actually paid for and are out of the banks - a really stupendous achievement, which we would not hPve thought possible a few years ago.

The

Comptroller brought this fact out in an address before the Matne Banker's Association in June.

Pccording to his figures there remained less

than two billions of these securities in the National Banks, counting
bonds on which the banks were making loans and bonds owned .by the banks,
and he estimated about an equal amount in the State banks and Trust
Companies.

Splendid as the showing of saving and absorption of Liberty

bonds has been, however, it must be realized that the four billions left
in the banks, together with the Treasury certificates, still cause a
very serious displacement of credit, Whicb can only be made good by continued steady saving and investment on the part of the people•

The

high record of bills discounted based on government obligations by the

..

800 reporting membe'r banks wa.s made in June, 1919, $1,438,000,000 and
the high mark for the present year was made on January 2nd when these




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- 6banks had loaned $1,289,000,000.

The low mark was August 20th when

these loans to individual borrowers on
to $959,000,000, a decrease for this

governrr~nt

~ear

paper had declined

of $330,000,000.

If all

tanks were included I suppose the decr9a.se would probably be twice that
figure, or about $EoO,OOO,OOO, showing what seerr.s to rr.e very gratifying
progress in the payment for bonds.

Some rart of the decline must be
• but certificates
due to the r!'duction of the ou~standing treasury certific$-tesj were
largely held by the banks themselves until their interest rates were
raised, and I suppose have not entered very largely into collateral

for loans to individual borrowers from the banks.

Federal Reserve

rediscounts, based on war paper reached their high mark on

~ay

16, 1919,

JUl.Lv .i..3J

ect $1,363,476,000 during the Victory Loan Campaign.
war

~aper

less.

rediscounts had been reduced to

1920~

On june 18th/these

~1,231,841,000

or

$631,000,000~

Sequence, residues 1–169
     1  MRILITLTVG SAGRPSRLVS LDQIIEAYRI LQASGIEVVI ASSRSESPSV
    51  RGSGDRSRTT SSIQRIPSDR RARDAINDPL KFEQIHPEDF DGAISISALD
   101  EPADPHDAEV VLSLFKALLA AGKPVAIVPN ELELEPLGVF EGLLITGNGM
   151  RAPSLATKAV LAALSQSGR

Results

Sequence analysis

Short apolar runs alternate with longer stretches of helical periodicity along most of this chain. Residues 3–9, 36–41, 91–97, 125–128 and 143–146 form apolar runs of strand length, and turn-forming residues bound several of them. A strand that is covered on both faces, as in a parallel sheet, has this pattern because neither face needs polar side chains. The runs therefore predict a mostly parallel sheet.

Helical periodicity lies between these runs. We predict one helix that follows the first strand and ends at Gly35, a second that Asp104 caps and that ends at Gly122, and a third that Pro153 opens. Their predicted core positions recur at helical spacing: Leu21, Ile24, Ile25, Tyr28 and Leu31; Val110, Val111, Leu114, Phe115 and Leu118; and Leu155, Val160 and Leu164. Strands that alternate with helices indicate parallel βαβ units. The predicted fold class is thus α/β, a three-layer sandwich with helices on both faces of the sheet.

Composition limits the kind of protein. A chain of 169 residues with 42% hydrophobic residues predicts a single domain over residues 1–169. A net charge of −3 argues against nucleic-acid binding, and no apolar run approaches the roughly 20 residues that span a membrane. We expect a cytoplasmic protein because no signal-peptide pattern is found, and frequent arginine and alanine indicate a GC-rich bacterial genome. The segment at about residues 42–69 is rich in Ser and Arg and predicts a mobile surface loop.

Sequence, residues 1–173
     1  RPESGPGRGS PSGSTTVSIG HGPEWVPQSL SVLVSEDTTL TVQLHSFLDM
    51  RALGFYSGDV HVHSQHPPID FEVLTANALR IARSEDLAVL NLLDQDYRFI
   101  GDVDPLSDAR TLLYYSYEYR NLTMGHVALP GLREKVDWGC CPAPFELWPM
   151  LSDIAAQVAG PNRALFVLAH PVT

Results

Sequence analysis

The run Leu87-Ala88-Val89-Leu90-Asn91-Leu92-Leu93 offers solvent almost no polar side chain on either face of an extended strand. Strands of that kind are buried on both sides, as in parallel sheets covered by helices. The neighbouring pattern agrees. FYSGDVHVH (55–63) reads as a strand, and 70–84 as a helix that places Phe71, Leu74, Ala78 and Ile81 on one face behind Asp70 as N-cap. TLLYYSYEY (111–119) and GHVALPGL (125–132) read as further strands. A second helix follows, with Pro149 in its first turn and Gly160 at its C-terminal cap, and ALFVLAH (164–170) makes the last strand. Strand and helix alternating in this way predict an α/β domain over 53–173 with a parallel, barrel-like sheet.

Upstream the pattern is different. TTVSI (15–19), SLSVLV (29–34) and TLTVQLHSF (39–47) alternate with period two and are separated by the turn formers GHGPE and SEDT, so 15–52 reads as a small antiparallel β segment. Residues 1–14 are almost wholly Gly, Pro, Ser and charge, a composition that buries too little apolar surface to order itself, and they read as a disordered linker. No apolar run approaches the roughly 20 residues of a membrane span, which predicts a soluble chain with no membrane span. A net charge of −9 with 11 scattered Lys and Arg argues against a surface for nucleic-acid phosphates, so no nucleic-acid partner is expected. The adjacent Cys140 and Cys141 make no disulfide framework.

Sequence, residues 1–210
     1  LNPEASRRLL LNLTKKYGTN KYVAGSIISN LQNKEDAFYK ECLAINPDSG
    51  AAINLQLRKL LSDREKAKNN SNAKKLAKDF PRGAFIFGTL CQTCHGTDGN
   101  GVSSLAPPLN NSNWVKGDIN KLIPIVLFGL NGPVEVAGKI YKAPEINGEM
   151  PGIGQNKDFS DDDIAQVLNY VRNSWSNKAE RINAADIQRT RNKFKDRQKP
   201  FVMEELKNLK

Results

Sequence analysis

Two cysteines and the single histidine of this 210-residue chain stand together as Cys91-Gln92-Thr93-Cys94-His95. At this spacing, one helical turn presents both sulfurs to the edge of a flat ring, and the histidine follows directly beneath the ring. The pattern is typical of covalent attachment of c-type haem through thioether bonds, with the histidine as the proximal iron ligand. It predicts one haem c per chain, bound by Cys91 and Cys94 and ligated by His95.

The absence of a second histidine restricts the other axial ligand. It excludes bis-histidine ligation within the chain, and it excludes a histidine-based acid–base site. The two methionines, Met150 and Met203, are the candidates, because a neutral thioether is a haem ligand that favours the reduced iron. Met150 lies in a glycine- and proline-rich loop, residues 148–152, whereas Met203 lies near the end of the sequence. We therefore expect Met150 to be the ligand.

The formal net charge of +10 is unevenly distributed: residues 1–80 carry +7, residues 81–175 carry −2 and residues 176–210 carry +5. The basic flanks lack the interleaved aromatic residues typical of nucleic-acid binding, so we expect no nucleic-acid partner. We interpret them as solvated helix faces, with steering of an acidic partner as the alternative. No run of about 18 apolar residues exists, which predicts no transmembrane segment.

Since June 18th there has been some natural increase due doubt-

less to the increased demAnd for credit as the harvest progressed and
the crop moving season advanced.

The

rern8r¥~ble

thing is that the re-

duction in war loans has been 11ery much more than maderr up in increased
loans on com-nercial paper.

A yeer ago Sert. 5th, the Reserve Bank re-

discounts on commercial paper were only $212,135,000, about one eighth
of the loans on w~r paper, which then stood at $1,635,233,000.

On

September 3rd, 1920, the comnercial paper rediscounts had advanced to
$1,412,035,000, or nearly seven times as large as last year at this time,
and more than $79,000,000 greater th8n the rediscounts on war paper,
though the latter had increased more than

~100,000,000

of il,231,34l,OOO of June 13th to $1,332,892,000.

from the low mark

Comrr.ercial paper re-

discounts passed the war paper bills in the Reserve Banks for the first
time on July 30th ·~hen they reached $1,250,613,000 against 1:1,241,017,000



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war pa:per bills.

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They seesawed afterwards for a few weeks but the

cormnercial bills seem now to have taken the le::-d :pennanently.

It

should be added that the recent increase of a hundred million in
war pa:per loans is probably also to be considered chiefly comnercial bonds merely being used as convenient collateral.




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On the whole

the policies of the Federal Reserve Board and of

the Federal Reserve Banks seem to be working well.

In the face of

an enormous and unprecedented demand for commercial credit the reserves
have held pretty steady with only slight declines week by week. There
appears to be credit enough for all legitimate demands without encroaching on the
for

profiteering~

from the market.

le~l reserves~

but no surplus for

23rd~

or

or for holding any unusual amount of harvested crops
Though the percentage of decrease of reserves each

week has been in tenths there has
since July

speculation~

It should be

~~en

a steadl decrease each week

re~embered

that the Reserve Banks of